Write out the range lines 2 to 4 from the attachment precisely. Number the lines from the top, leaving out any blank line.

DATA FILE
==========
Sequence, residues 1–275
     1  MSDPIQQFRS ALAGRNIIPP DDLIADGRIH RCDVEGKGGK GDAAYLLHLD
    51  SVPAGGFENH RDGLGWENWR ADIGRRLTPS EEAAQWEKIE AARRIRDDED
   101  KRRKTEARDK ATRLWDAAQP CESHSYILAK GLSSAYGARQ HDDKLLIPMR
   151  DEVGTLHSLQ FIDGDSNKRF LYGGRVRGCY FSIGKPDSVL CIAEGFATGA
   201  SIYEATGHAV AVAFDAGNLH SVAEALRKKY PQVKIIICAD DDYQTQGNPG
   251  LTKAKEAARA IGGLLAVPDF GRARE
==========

     1  MSDPIQQFRS ALAGRNIIPP DDLIADGRIH RCDVEGKGGK GDAAYLLHLD
    51  SVPAGGFENH RDGLGWENWR ADIGRRLTPS EEAAQWEKIE AARRIRDDED
   101  KRRKTEARDK ATRLWDAAQP CESHSYILAK GLSSAYGARQ HDDKLLIPMR